Can I repoen a court case to avoid deportation? 3 Answers as of June 08, 2011I got arrested in 2006 and convicted for possession for sale of marijuana. I didn't realize that that is a deportable charge. I was wondering how to go about this situation. What are my options? Can I reopen this closed case and go through trial? The drugs weren't mine but I just took the deal because my lawyer told me that if I got convicted after trial that I would get the full term.
Komanapalli Massey LLP | Mark A. Massey, Esq.
Get lots of money together because to have any chance will cost you in the neighborhood of $50 thousand plus. I would file a petition for writ of habeas corpus or some such tool to argue that your attorney failed to inform you that pleading to a felony would cause you to be deported. That is a tough thing to do, just getting a writ together. Then you have to also demonstrate that you would not have pleaded guilty had you known, AND, that you more likely than not would have received a misdemeanor or not guilty if you had not pleaded to that charge to which you did plead at that time, that you would likely could have struck a deal for a lesser charge or have beaten it altogether at trial. Get $50 k and call Komanapalli Massey LLP. Good luck.
Answer Applies to: California
Nelson & Lawless | Terry Nelson
No. That case is over. You now can fight deportation with whatever defenses may be available. Consult an immigration specialist. It wont do you any good in the INS action, but if not deported you can consider getting the conviction expunged; which would help in obtaining and keeping employment. Many convictions can be 'expunged' from criminal records by proper application and Petition to the court, but only if there was no felony prison time sentenced whether served or not, and if it was not for certain listed Sexual and Domestic Violence crimes, and if all terms of sentencing and at least one year of probation are completed, and if there are no new charges pending. If successful, the conviction would be retroactively reduced to a misdemeanor, if necessary, and then withdrawn and the charges dismissed. Expungement does not clear, 'remove' or erase the conviction, but merely changes the record to show 'conviction reversed and dismissed by expungement'. When applying for a job in the private sector, you generally do not have to disclose a conviction if it was expunged. However, the conviction is still a 'prior' or 'strike' for purposes of repeat offense, and must be disclosed on any application for government and professional employment and licensing, bonding, security clearance, etc. The licensing agency and employer then can decide whether you are barred from licensing or employment because of the conviction. If you're serious about doing this, and you think you qualify under those rules, feel free to contact me for the legal help you'll need.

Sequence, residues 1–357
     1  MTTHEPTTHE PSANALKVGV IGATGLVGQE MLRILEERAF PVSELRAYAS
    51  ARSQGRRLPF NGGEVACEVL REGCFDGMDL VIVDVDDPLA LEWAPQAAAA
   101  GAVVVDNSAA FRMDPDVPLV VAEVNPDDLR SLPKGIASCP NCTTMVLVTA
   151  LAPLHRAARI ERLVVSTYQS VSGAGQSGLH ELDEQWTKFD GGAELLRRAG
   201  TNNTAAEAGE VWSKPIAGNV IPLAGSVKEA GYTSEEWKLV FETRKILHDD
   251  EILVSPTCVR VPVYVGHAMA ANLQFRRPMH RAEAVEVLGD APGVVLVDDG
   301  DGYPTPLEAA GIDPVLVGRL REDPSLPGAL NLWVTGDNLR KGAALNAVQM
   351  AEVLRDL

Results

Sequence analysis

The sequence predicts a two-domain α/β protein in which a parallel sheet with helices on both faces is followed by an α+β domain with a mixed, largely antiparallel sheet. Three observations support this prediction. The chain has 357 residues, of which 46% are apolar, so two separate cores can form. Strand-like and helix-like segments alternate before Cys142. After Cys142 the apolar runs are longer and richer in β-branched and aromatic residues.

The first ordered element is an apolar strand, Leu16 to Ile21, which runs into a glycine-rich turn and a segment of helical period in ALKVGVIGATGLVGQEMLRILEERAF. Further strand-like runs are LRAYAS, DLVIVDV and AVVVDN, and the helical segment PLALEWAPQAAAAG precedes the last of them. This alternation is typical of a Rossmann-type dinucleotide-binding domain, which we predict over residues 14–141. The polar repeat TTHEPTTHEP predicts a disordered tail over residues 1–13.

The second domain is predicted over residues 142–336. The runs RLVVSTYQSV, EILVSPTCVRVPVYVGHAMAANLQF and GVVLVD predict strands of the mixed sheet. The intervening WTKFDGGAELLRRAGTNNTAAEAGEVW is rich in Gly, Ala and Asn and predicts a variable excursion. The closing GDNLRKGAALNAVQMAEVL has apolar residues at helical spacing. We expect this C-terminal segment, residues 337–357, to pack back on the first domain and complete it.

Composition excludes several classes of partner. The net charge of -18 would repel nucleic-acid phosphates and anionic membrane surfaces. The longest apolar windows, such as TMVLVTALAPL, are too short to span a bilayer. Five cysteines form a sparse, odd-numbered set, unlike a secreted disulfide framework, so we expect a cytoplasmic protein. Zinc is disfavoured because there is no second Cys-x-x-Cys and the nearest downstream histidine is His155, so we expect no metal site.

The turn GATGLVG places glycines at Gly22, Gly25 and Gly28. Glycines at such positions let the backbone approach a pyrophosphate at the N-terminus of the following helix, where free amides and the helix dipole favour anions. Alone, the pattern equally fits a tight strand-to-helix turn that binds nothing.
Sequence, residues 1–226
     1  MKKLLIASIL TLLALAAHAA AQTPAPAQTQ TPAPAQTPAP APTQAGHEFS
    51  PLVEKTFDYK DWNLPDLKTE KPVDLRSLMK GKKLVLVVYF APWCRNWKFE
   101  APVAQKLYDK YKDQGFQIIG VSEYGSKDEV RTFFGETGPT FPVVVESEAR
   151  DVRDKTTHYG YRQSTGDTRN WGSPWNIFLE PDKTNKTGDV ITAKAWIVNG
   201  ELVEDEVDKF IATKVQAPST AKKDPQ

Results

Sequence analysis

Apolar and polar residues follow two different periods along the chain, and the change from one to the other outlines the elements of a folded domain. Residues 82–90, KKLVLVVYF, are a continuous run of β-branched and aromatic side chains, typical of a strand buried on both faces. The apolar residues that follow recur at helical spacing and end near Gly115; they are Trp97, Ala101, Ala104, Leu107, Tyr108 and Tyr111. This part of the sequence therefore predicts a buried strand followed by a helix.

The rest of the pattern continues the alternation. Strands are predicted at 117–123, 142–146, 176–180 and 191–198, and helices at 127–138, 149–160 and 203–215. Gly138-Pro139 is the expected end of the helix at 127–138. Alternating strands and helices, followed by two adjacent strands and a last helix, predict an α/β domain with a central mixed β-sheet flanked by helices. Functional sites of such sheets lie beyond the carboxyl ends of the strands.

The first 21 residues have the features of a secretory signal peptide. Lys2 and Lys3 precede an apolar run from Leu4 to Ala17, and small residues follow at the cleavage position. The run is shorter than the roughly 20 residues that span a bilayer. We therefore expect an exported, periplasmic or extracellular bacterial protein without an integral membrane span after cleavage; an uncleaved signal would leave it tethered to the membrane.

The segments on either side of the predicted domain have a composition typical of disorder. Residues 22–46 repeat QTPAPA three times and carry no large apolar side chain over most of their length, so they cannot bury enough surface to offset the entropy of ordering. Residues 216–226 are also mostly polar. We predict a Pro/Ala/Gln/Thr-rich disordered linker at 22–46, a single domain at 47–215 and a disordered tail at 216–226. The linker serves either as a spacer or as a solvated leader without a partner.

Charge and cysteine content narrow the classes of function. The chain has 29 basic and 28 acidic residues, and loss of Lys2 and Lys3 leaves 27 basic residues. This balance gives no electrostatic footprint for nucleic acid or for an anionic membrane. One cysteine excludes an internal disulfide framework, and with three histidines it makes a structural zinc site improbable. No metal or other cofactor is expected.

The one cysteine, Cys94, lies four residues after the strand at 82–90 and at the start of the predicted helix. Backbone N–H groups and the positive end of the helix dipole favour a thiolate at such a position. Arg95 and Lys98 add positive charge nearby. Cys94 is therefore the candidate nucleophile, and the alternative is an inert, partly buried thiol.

Answer Applies to: California